Facebook on Friday suspended an analytics firm best known for its work on the Donald Trump campaign for scraping Facebook users’ data without their permission for political targeting, and lying about having destroyed it.
Strategic Communication Laboratories (SCL) and its political data analytics firm, Cambridge Analytica, as well as Dr. Aleksandr Kogan and Christopher Wylie are banned from Facebook “pending further information,” Paul Grewal, Facebook VP and Deputy General Counsel, said in a Friday blog post.
Kogan developed a personality test app called thisisyourdigitallife, which he billed as “a research app used by psychologists,” according to Facebook. About 270,000 people downloaded the app and gave Kogan access to their data, like city and content they had liked. That information should have remained with Kogan, but he instead gave it SCL/Cambridge Analytica and Wylie. They used it to build profiles on potential voters for use in political campaigns.
The operation was not limited to 270,000 people, though. Kogan’s app also provided access to “more limited information about friends who had their privacy settings set to allow it,” Grewal wrote— aka friends of friends—which allowed Cambridge to build profiles for millions of potential voters.
Ultimately, the New York Times reports, Kogan provided Cambridge with “50 million raw profiles,” of which “roughly 30 million contained enough information, including places of residence, that the company could match users to other records” and build what Cambridge called “psychographic profiles.”
This data collection started in 2014 and Facebook was made aware of it in 2015. At that point, “we removed his app from Facebook and demanded certifications from Kogan and all parties he had given data to that the information had been destroyed,” Grewal wrote. “Cambridge Analytica, Kogan and Wylie all certified to us that they destroyed the data.”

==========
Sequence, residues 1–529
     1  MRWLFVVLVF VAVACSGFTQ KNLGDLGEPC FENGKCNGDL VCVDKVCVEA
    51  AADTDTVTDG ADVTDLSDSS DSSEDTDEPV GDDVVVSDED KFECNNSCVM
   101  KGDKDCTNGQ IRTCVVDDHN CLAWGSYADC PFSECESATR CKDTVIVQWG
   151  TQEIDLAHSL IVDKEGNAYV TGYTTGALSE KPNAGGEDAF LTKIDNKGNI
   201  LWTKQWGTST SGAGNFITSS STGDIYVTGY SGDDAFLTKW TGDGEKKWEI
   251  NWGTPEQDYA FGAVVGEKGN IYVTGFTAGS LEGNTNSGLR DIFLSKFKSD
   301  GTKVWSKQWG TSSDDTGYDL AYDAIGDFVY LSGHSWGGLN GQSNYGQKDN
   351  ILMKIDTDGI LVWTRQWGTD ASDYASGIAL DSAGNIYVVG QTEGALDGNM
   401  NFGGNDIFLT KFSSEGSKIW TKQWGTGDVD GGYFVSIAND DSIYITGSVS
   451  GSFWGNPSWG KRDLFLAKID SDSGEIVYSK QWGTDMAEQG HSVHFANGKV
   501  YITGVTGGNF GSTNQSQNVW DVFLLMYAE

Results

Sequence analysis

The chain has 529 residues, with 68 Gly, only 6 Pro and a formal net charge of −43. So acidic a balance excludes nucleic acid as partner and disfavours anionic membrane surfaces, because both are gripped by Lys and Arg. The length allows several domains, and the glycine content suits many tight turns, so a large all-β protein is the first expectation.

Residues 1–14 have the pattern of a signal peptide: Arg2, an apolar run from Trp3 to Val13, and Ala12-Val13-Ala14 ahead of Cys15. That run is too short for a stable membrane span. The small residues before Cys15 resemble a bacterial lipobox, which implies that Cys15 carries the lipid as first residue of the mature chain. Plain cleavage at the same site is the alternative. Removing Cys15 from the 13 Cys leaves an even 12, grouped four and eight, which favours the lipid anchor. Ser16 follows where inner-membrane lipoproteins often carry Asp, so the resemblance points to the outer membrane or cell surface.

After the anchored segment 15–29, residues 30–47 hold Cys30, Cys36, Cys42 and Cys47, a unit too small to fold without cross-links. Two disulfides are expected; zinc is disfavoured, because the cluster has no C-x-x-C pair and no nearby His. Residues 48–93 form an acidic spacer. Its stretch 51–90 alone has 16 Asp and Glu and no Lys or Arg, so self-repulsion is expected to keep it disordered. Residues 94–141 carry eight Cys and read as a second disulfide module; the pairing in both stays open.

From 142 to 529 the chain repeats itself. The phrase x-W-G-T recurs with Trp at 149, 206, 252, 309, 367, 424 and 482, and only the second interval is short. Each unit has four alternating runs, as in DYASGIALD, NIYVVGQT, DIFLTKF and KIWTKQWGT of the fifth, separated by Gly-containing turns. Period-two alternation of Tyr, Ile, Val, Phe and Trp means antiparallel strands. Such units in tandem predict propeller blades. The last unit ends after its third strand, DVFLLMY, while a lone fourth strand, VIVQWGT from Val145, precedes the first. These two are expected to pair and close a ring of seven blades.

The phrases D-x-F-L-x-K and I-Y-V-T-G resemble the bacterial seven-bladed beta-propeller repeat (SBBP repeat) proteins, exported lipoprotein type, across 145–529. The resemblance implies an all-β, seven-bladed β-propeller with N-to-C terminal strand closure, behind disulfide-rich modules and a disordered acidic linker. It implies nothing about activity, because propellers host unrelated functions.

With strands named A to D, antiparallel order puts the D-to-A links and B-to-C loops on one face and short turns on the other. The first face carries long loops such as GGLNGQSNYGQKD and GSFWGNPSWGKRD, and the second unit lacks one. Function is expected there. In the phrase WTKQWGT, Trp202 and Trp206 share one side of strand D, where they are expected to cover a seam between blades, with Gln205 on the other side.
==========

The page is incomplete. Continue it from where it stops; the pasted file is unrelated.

They had not. According to the Times, “a former [Cambridge] employee said that he had recently seen hundreds of gigabytes on Cambridge servers, and that the files were not encrypted.”
Grewal said Facebook was told the data had not been deleted “several days ago, [and] we are moving aggressively to determine the accuracy of these claims.” The Times said it sent questions to Facebook about the data for a week, but “Facebook downplayed the scope of the leak and questioned whether any of the data still remained out of its control.”
In a Saturday statement, Cambridge Analytica said it “deleted all data” received from Kogan when it “became clear that the data had not been obtained…in line with Facebook’s terms of service.”
Wylie left Cambridge in late 2014 and has since become a rather outspoken critic of the firm’s tactics.
How did the Trump campaign come into play? As the Times reports, billionaire Robert Mercer invested $15 million in Cambridge Analytica, starting with $1.5 million for the 2013 Virginia gubernatorial race. That didn’t pan out; Democrat Terry McAuliffe won. But Mercer and other high-profile GOP donors had their eyes on a bigger prize—Ted Cruz’s 2016 presidential bid.
But creating voter profiles is expensive, so Cambridge turned to Kogan and his Facebook app for data collection. Their efforts on the Cruz campaign were reported by The Guardian in late 2015, which is when Facebook found out and demanded that the data be destroyed. It was not, and when Cruz failed to secure the GOP presidential nomination, that data was put to use for the Trump campaign.
As Jared Kushner told Forbes in late 2016, “We found that Facebook and digital targeting were the most effective ways to reach the audiences. The campaign “brought in Cambridge Analytica,” Kushner said, which worked with Brad Parscale, the campaign’s digital lead. Parscale was recently selected to lead President’s Trump’s 2020 re-election campaign.
Cambridge Analytica denies using any of the offending Facebook material for Trump’s campaign. “No data from [Kogan] was used by Cambridge Analytica as part of the services it provided to the Donald Trump 2016 presidential campaign,” it said Saturday. “Cambridge Analytica only receives and uses data that has been obtained legally and fairly. Our robust data protection policies comply with US, international, European Union, and national regulations.”